Australians are eating too much salt and this over a long period of time can have an effect on health. It can contribute to chronic disease such as blood pressure, diabetes, heart disease and stroke. There is a linear relationship with high sodium intake and high blood pressure and reducing the salt intake of someone with high blood pressure is the most effective dietary management.
Our taste buds adapt to our salt intake, and as we age our tastebuds reduce in number – which explains your parents or grandparents adding more salt to their meals. Some people are also more sensitive to salt. Salt, or sodium chloride (NaCl) has been used for centuries to enhance the flavor of foods, improve the texture of baked goods, and to preserve foods.
Our body does require some sodium for its health and functioning, but only in a small amount (200mg/day). It assists our body to regulate the acid-base balance, fluid regulation and balance, helping to control our body temperature, to name just a few. Our body also needs adequate iodine and using a little iodised salt is the most common way we achieve this.
The national guidelines advised by the National Health and Medical Research Council sets an upper limit of 2300mg each day, which is 6g (approx. 1¼ tsp salt per day). It is reported that most Australians are eating this amount or higher each day. The sodium target for all Australians is 1600mg or less each day or 4g (approx. ¾ tsp a day).
When most people think about shaking their salt habit, they think of removing the salt added to foods at the table. The salt used from the salt shaker only contributes 15% to the daily intake for Australians today, and another 10% is from natural sodium found in foods. The highest proportion (75% of salt that we eat) comes from takeaway and processed foods – and some foods more obvious than others. Common culprits include deli meats, Asian style sauces and marinades, stocks, soups, bottled sauces, packet seasonings and dried foods (eg noodles). All types of salt (eg Himalayan, rock, pink, crystal) have the same sodium level – some just have other minerals present as well.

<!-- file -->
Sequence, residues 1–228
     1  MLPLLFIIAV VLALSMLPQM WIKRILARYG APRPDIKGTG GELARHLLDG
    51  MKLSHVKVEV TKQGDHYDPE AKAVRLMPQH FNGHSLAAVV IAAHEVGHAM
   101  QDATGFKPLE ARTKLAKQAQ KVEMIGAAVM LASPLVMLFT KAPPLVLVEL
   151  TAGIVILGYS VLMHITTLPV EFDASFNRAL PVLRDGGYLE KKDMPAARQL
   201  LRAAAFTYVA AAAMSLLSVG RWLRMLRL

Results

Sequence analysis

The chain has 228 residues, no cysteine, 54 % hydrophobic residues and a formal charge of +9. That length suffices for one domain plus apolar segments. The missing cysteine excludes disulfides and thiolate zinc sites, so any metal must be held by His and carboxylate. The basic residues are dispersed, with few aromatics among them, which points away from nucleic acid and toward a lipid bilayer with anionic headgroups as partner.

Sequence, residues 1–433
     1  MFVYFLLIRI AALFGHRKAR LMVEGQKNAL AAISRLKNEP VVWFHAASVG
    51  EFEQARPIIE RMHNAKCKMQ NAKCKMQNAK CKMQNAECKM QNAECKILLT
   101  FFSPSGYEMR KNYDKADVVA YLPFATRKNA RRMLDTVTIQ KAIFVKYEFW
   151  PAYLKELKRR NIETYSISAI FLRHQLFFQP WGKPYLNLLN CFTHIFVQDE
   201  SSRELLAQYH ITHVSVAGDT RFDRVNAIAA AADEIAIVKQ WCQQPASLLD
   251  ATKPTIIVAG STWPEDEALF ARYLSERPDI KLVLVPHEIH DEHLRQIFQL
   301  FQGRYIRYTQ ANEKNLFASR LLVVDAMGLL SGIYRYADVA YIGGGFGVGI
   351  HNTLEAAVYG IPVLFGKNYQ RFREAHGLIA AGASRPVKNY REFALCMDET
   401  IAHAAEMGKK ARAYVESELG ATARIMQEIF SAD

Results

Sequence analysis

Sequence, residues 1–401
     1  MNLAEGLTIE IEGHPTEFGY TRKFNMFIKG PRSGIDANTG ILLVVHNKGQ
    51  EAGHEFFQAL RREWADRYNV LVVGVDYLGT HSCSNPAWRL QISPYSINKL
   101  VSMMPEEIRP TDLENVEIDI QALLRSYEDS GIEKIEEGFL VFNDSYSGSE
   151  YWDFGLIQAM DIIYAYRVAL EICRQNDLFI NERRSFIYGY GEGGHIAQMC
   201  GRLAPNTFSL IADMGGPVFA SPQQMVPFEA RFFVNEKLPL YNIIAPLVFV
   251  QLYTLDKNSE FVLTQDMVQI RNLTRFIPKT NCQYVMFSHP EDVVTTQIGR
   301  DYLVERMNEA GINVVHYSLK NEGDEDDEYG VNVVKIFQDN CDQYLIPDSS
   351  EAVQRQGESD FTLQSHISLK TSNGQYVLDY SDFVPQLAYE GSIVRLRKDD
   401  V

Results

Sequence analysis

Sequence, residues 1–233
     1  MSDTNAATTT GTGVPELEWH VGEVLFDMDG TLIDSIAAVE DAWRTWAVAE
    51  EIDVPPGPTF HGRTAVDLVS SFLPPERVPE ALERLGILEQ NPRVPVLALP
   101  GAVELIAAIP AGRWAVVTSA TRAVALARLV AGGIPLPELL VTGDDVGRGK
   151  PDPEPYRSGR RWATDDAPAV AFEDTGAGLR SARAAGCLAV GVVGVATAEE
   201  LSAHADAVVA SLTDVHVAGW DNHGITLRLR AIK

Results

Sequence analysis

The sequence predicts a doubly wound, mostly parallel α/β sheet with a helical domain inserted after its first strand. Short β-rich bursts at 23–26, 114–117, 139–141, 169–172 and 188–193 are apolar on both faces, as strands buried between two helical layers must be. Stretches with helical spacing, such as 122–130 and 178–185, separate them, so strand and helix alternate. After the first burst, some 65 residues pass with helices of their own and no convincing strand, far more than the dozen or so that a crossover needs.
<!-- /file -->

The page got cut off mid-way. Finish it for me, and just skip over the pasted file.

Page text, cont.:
Some Simple Salt Swaps
50g shaved ham (790mg) choose instead 100g grilled chicken breast – home prepared (74mg)
1 tbsp soy sauce (993mg) choose instead 1 tbsp salt reduced soy sauce (536mg)
1 cup cornflakes (204mg) choose instead 1 bowl of rolled oats (5mg)
sourdough bread roll (793mg) choose instead capeseed bread roll (271mg)
2 slices of bread (300mg) choose instead 4 vitaweets (105mg)
Ways to Reduce your Salt Intake
Choose foods that are fresh, whole and real and not processed, as these are naturally lower in salt. The more processed a food is, the higher its sodium content. If buying processed foods, choose “no added salt” or “salt reduced varieties” wherever possible. Savour the flavor by experimenting with herbs, spices, black pepper, crushed red pepper, add some acidity (citrus juices, vinegars), seaweed and use slow cooking and grilling methods to enrich the flavor of the meal. Use this guide to look for lower sodium foods in the supermarket.
Become a Salt Detective
IDEAL < 120mg per 100g
OK 120-600mg per 10g
HIGH > 600mg per 100g